For the people, with the people Humanity has been perfectly capable of coming up with alternatives, precisely because there were people who demanded what was called impossible. The German philosopher Herbert Marcuse, who became a US citizen in his forties, talked about ‘the onedimensional man’, a person who can see reality only as it now is. Marcuse saw this onedimensional person as the biggest threat to the eternal will of human beings to strive for change. My guiding principle is this: that the things we do we should do for the people, but also always with the people. We must not confuse emancipation of the people with patronising the people. That is why a politician should always avoid pretention. True, it's best to try to lead the parade in a certain direction. But don't go thinking that you will always know in advance just what that direction will be! Think carefully, do your best, have courage when it's needed, don't be afraid to offer leadership or to say what you really think or which side you want to be on – in this way you can perhaps provide the match with which others can ignite the fires of change. New optimism I call this the new optimism. You don't see it in everyone, but happily enough it can indeed be seen in growing numbers of people and ever more strongly. And this new feeling of optimism is sorely needed, quite simply to give people hope for a future worth working for, to free ourselves from the cynicism into which so many people have now fallen. Critics have of course a point when they draw attention to another development to be seen in our society. In contrast to the new optimism there exists also a great deal of ‘hedonism’. This is difficult for optimists such as myself to stomach, yet here also, after twenty-five years of rank neoliberalism, rampant individualism and a surfeit of cynicism, I sense the turning of a tide. We have in the Netherlands during these twenty-five years seen a rise in incomes and in Gross Domestic Product of unprecedented dimensions. Nevertheless we have, in a number of ways, become poorer. The social divide has grown, health care and education have deteriorated. The soul has been torn from our society, by which I mean the mutual understanding. Recently someone said to me, “What belongs to all of us has been lost.” And this is also the case. Public space has disappeared and the public sector has fallen into decline. I adhere to the dialectical idea that the more intensely something becomes itself, the more likely it is, ultimately, to cancel itself out.. I am convinced that in the next few years the indifference and superficiality will give way to a greater involvement and engagement. Ever more people are starting to feel that we really must begin to look for an alternative. 'Do nothing and wait and see' is seen as an option by fewer and fewer. Many people are for the first time getting involved, or renewing their involvement. If I look at the number of discussion meetings in the country or listen to what all sorts of people are currently saying to me, I see an ever-growing number rejecting the idea of “me, me, me and the rest can go hang”. They understand that the weight of your wallet is not directly proportionate to the happiness of your life. Human happiness is not something which falls just like that into your lap; on the contrary, you have to do a hell of a lot to achieve it.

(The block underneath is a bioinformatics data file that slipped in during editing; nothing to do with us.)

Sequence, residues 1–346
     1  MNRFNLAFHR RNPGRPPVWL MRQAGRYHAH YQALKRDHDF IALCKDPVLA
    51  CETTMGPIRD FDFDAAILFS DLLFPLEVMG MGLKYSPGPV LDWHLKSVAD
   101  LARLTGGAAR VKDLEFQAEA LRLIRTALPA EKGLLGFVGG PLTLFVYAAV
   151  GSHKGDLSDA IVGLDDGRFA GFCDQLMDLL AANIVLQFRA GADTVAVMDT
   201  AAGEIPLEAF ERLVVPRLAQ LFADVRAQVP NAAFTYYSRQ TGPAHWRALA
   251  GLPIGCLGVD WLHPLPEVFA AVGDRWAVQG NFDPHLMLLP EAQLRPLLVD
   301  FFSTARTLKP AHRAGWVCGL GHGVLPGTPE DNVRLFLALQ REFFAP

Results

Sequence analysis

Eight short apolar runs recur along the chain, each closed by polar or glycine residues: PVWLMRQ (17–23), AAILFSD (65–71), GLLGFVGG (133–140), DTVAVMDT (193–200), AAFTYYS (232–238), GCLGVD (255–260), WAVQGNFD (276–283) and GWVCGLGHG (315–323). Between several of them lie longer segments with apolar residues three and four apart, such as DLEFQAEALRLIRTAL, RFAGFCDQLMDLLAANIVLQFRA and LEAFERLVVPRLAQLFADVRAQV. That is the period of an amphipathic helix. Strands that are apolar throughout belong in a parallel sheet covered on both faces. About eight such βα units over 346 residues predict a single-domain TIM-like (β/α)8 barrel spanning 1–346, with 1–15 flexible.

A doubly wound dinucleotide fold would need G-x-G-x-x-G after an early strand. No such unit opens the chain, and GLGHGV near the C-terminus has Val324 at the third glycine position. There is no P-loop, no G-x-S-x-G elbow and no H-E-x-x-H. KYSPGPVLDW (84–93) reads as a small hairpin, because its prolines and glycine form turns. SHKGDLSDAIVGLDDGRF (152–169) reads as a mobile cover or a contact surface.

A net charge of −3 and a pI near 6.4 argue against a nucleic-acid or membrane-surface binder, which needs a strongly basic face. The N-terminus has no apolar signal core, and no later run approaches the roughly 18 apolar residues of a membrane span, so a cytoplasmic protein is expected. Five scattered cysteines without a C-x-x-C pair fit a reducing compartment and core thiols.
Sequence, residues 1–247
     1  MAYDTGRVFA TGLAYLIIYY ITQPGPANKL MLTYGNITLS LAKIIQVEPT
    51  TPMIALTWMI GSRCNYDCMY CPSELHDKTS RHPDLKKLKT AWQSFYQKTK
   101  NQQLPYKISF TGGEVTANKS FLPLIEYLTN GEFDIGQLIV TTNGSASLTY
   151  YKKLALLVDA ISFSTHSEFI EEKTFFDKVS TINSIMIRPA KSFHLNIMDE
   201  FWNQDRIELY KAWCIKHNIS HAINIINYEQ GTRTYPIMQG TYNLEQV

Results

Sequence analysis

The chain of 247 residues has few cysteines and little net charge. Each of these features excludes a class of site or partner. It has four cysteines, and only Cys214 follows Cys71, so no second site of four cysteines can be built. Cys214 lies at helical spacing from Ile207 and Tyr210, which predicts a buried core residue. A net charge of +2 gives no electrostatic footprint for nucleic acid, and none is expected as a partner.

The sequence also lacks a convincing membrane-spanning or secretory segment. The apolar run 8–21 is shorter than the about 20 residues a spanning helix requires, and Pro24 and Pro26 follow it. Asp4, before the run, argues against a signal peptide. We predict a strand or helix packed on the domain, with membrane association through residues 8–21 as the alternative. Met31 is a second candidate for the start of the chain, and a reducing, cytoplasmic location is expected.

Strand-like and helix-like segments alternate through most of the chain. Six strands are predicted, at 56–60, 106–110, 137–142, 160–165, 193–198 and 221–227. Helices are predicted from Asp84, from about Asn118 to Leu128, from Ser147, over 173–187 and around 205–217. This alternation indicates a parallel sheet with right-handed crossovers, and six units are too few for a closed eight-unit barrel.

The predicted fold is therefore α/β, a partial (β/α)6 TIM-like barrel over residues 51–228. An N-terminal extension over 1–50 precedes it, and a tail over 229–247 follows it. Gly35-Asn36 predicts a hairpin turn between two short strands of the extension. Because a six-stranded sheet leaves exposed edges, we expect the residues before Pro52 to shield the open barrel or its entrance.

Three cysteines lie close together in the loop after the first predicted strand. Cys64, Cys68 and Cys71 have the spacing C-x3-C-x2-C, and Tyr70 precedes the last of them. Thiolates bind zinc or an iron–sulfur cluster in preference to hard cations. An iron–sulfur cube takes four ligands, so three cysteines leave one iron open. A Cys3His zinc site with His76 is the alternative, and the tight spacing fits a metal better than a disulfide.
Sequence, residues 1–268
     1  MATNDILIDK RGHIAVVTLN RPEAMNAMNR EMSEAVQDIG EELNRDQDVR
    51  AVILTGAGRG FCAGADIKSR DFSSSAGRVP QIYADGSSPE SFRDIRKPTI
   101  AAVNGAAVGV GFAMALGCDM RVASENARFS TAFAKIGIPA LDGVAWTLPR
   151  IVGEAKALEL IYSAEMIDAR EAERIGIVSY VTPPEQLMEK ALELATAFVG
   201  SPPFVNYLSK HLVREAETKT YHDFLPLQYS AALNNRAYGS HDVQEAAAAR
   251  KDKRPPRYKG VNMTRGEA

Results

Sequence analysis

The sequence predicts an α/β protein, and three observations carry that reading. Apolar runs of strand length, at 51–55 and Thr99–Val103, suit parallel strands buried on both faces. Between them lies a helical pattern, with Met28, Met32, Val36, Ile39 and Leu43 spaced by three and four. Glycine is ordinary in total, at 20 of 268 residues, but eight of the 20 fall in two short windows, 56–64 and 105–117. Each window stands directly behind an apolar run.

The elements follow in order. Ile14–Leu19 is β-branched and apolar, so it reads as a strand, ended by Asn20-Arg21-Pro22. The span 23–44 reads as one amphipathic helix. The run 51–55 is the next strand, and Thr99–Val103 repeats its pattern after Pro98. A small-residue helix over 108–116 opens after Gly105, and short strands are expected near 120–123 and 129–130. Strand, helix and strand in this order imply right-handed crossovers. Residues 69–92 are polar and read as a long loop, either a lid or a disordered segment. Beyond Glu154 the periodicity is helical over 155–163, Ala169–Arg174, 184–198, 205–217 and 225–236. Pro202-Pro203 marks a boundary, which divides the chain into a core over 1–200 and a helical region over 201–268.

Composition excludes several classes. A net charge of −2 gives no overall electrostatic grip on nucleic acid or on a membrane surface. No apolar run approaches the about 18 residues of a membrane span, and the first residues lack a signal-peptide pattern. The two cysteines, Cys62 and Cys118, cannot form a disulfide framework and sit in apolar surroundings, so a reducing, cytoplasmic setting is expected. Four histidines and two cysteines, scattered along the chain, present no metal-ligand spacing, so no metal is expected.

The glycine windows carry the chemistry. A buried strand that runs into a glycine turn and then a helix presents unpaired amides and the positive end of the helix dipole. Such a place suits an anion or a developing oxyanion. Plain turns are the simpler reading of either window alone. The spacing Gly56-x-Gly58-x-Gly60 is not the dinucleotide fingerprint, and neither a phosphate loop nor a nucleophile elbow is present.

I'm glad that I am far from being the only one who thinks this, that in fact the numbers of people seeing things in this way is growing, and quickly. The high water mark of the period of superficiality and postmodernism has now been passed. We must now, and with the greatest urgency, offer resistance to all the pessimism and negativism in politics and society. Of course, it is not easy to put undesirable developments to rights, of course things which have grown crooked cannot always be straightened out, and of course new policies will also have their ups and downs – but there is decidedly no reason to take a purely negative view and kid ourselves that we do not hold our future in our own hands. I truly believe this, in any case, and hope that this belief will prove infectious. It is time for new optimism.


ENOUGH! A SOCIALIST BITES BACK In his book Enough! – a socialist bites back, SP-chairman Jan Marijnissen summarises and internationalises his opposition against the ideological mainstream in today's politics throughout the world. Neoliberalism, argues Marijnissen, causes the return of 19th century social and democratic circumstances. Who does not agree, has the duty to stand up and say: enough!


Enough - 1996